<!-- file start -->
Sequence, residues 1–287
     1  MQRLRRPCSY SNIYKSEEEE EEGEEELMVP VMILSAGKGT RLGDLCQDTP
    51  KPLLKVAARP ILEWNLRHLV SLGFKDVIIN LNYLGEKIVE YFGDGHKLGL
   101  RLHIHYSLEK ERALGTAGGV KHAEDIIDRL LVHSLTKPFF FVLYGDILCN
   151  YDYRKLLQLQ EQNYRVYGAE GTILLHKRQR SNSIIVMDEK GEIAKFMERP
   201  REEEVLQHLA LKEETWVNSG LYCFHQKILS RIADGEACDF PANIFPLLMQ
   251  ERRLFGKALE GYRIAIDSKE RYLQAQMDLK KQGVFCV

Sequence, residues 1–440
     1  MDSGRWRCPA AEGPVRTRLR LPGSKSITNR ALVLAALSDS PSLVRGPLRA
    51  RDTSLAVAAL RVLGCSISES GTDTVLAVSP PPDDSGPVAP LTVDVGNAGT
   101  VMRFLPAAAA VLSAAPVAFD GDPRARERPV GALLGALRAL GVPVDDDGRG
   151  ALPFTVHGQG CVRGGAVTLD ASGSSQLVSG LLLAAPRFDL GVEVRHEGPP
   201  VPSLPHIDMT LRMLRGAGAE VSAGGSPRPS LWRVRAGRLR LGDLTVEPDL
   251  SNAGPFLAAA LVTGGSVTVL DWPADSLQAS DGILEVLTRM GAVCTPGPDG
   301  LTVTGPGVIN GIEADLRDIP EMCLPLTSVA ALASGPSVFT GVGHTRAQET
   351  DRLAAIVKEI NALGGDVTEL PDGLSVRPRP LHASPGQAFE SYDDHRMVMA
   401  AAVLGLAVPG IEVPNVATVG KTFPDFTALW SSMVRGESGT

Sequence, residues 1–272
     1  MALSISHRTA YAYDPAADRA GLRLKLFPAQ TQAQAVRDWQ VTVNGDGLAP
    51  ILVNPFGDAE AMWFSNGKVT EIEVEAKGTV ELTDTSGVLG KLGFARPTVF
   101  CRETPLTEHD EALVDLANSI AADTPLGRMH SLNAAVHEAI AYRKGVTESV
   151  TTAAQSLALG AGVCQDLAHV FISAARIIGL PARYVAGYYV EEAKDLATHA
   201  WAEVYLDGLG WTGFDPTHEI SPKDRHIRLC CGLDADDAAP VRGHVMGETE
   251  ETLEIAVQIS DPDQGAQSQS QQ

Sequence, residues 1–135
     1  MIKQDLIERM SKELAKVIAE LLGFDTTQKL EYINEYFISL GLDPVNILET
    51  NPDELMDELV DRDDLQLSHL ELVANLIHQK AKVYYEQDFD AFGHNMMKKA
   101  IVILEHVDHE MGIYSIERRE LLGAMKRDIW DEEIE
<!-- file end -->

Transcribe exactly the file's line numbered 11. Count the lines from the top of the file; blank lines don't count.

   101  VMRFLPAAAA VLSAAPVAFD GDPRARERPV GALLGALRAL GVPVDDDGRG